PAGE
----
Scientists at the Helmholtz Center for Materials and Energy (HZB) in collaboration with the School of Chemistry and ARC Centre of Excellence for Electromaterials Science at Monash University, Australia, have precisely characterized a manganese catalyst's electronic states. The catalyst is capable of converting light to chemical energy.
Through their work, Professor Emad Aziz, head of the HZB Institute "Methods for Material Development," Professor Leone Spiccia from Monash University and their teams have taken an important leap forward in understanding photosynthesis -- the method green plants use to obtain energy -- in artificial systems. Today findings of the team have been published in the journal ChemSUSChem and recently in the Royal Society of Chemistry's Journal of Materials Chemistry A.
If sunlight could effortlessly be converted to chemical energy, our energy troubles would be a thing of the past. Green plants have evolved a special kind of mechanism to help them do just that: photosynthesis, the process by which plants take sunlight and, with its help, produce high-energy substances like sugar from water and carbon dioxide. But the molecules located in the so called "oxygen evolution centre" that facilitate this series of steps inside a plant cell are highly complex and sensitive. A current mission of scientists is simulating them in a laboratory setting and optimizing them for commercial energy production.
At his institute, Emad Aziz is doing research on artificial water splitting catalysts with the goal of getting them to perform at the level of the oxygen evolution center of photosynthesis. A while back, the scientists figured out what the chemical nature of these types of energy converters would need to be. Top candidates are manganese complexes embedded in a nafion matrix, a teflon-like polymer. Leone Spiccia´s lab developed and provided the samples. He says: "Under a bias, our manganese complexes produce nanoparticles of manganese oxides within nafion matrix. When exposed to light and biased simultaneously, these oxides promote water oxidation, a key and challenging reaction associated with the splitting water into oxygen and hydrogen. The hydrogen can be stored as an energy carrier."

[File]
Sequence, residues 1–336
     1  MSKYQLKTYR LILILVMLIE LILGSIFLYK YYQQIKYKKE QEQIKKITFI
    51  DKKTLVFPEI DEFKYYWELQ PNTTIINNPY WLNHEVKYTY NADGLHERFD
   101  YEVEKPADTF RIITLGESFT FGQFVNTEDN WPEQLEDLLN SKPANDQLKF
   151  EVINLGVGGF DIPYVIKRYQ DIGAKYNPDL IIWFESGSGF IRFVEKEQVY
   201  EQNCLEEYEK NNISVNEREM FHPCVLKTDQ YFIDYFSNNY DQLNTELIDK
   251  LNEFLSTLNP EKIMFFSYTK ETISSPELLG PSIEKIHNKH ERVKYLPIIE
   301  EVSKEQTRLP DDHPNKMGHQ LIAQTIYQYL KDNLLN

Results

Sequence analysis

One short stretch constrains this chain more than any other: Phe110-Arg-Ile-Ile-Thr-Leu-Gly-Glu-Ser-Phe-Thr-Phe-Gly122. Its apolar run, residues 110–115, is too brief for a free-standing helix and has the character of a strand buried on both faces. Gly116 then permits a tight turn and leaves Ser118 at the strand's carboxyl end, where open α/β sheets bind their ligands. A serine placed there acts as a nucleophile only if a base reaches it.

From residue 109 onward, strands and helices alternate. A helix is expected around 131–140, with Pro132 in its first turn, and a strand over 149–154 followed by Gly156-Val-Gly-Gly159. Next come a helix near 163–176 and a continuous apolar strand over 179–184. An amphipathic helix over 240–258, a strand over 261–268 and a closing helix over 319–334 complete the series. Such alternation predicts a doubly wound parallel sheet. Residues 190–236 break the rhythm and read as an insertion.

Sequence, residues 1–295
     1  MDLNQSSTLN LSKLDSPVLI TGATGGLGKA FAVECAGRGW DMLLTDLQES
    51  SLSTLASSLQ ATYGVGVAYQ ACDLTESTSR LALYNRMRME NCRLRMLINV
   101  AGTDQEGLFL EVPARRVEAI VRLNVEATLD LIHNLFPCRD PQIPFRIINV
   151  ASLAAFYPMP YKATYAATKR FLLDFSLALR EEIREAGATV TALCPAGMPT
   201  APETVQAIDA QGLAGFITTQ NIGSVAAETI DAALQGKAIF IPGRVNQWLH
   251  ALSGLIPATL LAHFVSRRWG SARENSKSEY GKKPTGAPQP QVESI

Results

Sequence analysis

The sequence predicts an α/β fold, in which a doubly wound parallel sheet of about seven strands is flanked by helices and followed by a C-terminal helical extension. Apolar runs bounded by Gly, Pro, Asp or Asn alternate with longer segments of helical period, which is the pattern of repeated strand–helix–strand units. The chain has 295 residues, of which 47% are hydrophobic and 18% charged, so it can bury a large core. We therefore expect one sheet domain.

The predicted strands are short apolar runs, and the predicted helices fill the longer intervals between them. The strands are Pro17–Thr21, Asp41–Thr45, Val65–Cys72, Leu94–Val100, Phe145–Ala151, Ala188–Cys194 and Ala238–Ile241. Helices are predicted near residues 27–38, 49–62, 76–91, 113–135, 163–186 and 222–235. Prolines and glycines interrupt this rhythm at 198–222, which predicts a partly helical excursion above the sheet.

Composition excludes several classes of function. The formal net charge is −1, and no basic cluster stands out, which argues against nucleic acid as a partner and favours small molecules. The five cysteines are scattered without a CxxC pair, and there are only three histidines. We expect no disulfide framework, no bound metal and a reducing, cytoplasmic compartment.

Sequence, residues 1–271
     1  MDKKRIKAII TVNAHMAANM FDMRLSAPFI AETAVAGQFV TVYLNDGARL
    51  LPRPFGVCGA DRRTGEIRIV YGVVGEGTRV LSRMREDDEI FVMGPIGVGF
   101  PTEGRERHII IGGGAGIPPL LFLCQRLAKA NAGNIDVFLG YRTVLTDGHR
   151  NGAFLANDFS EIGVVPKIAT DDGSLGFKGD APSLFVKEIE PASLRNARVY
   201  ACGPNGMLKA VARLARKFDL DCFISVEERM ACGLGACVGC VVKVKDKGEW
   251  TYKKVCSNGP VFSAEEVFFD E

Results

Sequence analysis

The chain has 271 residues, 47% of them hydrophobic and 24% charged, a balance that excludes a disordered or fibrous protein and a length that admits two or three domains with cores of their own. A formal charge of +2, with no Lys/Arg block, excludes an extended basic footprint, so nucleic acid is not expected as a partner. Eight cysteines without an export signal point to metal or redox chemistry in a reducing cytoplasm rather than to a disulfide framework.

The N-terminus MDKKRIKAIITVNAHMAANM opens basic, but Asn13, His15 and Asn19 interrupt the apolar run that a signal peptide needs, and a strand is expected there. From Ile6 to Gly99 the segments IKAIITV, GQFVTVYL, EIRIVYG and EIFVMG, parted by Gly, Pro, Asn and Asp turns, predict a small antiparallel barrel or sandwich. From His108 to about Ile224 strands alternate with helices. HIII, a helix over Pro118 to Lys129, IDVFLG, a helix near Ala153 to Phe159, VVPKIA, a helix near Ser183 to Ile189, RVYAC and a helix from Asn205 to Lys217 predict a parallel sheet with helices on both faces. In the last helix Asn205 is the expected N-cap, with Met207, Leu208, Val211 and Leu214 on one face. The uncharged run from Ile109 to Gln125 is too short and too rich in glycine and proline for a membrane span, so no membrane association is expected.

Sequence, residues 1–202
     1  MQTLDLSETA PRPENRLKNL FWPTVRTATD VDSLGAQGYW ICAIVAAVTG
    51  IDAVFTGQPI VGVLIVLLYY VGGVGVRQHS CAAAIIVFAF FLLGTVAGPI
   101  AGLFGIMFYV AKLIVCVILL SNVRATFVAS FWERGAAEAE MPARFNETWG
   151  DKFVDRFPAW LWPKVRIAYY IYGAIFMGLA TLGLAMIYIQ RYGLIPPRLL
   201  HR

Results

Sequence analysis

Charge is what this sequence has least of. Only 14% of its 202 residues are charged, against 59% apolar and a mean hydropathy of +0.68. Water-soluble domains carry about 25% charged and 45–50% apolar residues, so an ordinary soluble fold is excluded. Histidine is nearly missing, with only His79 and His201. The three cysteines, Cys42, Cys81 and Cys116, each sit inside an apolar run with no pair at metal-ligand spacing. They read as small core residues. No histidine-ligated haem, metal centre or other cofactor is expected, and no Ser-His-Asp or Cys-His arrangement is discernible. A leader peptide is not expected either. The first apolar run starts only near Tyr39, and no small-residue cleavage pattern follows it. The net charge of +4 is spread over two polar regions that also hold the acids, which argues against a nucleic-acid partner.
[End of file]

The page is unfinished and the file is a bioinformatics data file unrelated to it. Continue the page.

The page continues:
"The next step was to figure out which of the potential manganese complexes in nafion yields the best manganese oxides," says the scientist in charge of the experiments, Munirah Khan of the Freie Universität Berlin, holder of a DAAD and HEC(Pakistan) scholarship. She studied the formation of manganese oxides and their catalytic effect using X-ray light at BESSY II, the HZB's synchrotron radiation source. In her doctorate research work, Khan used the RIXS method, which allowed her to select and further investigate the manganese species involved in catalytic processes with high precision.
Of the various manganese complexes, one in particular -- designated Mn(III) by the scientists -- turned out to be the one that most efficiently formed manganese oxides. "We are developing our methods to construct multi-dimension catalytic pathways for such novel materials in the energy and time scales. Our goal is to provide synthetic chemists with a full picture of the catalytic process under real test conditions in order to enhance their work on the function of these materials," says Emad Aziz, "and figure out if and under what conditions it might be used for technological application in converting light to chemical energy. If we succeed, it could mean we're well on our way towards a continuous, environmentally-friendly, and cost-effective storage form of solar energy."
Materials provided by Helmholtz-Zentrum Berlin für Materialien und Energie. Note: Content may be edited for style and length.
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